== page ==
Another example of a new business model is Georgia Tech’s new Online Master of Science in Computer Science degree (OMS CS) in partnership with Udacity, and AT&T delivered through a MOOC platform. The first fully accredited massive online MS in Computer Science structured around a total tuition for the program expected to be below $7,000. Enrollment for Spring cohort opened September 8, 2014.

Zvi Galil, the dean of the university’s College of Computing, expects that in the coming years, the program could attract up to 10,000 students annually, many from outside the United States and some who would not complete the full master’s degree. “Online, there’s no visa problem,” he said. — NY Times

Just because a concept fails in one implementation doesn’t mean it is a failure. Conversely just because another model works for an institution doesn’t mean everyone can just clone it. New models don’t just fall out of the sky they are carefully crafted. Last fall EDUCAUSE published Higher Education: New Models, New Rules, September/October 2013, EDUCAUSE Review, pages 69-97. This cluster of three articles explores issues and options as the authors see them.

  • Creating an Environment for Learning Technologies: Toward a Generative Model of State Policy and Institutional Practice by Louis Soares, Vice President for Policy Research and Strategy at the American Council on Education (ACE);
  • A Quality Platform for Non-Institutional Higher Education by Judith S. Eaton President of the Council for Higher Education Accreditation (CHEA); and,
  • The “Perfect Market” Challenge to the Subsidy Structure of Higher Education by Burck Smith CEO and founder of StraighterLine.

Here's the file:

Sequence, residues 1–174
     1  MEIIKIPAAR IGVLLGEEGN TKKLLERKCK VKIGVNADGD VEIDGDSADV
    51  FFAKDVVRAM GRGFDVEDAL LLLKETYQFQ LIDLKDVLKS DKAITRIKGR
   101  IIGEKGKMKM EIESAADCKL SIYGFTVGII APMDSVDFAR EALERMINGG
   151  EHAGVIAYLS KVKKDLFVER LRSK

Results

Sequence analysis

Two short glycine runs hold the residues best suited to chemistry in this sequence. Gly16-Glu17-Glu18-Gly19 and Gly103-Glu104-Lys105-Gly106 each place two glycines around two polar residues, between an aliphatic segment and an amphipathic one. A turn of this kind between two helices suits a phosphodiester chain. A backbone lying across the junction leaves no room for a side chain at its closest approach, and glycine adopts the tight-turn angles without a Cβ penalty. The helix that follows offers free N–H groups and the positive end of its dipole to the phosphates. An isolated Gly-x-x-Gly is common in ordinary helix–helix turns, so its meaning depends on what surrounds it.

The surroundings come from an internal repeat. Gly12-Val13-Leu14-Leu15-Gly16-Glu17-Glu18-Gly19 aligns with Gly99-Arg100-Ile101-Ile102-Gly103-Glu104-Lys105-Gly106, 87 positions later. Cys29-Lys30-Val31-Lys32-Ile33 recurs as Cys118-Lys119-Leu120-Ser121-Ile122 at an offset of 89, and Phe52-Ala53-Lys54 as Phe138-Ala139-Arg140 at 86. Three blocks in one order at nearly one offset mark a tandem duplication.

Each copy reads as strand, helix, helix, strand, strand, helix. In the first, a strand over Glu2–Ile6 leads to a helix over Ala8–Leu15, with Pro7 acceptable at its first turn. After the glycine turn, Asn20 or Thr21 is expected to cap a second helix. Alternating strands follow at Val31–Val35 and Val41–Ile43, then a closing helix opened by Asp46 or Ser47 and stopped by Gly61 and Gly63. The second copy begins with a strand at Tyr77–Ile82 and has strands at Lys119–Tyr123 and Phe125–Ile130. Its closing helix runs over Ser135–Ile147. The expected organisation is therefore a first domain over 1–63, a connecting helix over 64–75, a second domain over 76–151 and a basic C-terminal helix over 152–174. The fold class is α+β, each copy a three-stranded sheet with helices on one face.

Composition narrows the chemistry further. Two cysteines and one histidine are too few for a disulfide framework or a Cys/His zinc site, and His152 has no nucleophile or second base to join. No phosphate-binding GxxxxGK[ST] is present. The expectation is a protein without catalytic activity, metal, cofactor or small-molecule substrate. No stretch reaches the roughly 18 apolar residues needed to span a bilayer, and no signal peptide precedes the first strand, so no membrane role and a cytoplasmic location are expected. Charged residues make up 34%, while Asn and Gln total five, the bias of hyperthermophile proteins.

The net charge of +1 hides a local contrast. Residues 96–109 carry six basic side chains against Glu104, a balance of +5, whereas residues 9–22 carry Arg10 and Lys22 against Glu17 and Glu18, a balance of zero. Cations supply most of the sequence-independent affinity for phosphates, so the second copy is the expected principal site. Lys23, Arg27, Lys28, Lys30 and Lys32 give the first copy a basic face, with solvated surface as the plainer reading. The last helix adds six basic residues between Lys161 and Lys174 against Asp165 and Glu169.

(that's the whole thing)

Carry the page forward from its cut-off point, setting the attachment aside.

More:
Another resource for those new to the business of higher education is NACUBO’s, Strategic Review of Academic Portfolios, by Rick Staisloff. A succinct introduction to the interface between academic planning and fiscal sustainability.

A short list of immediate challenges include:

  1. Managing the academic enterprise with particular attention paid to margin
    (See “Curriculum drives enrollment, enrollment drives revenue, revenues drive everything else!”)
  2. Balancing services and constraining growth in expenditures,
  3. Curriculum revitalization and renewal resulting in Competitive Differentiated Curriculum requiring investments in academics, and
  4. Strategic improvements to learning performance.

The long term however is driven by current and future experiments in scalability of curricular and learning experiences (such as MOOCs), the promises and challenges of network learning and digital learning environments (Kahn Academy, Knewton + many more), the resilience of the economics of higher education models as indicated in Moody’s and Standard and Poor’s outlooks, and new and emerging visions outlining new structures and new models to forge a healthy future for both higher education as formal academic entities and learners seeking to optimize their own learning performance.

It is time to move beyond the knee jerk reactionary objection that higher education is not a business (I think this is better understood than is thought) and get to the deeper conversation of the business of higher education and how do we craft a healthy, sustainable economic future for colleges and universities.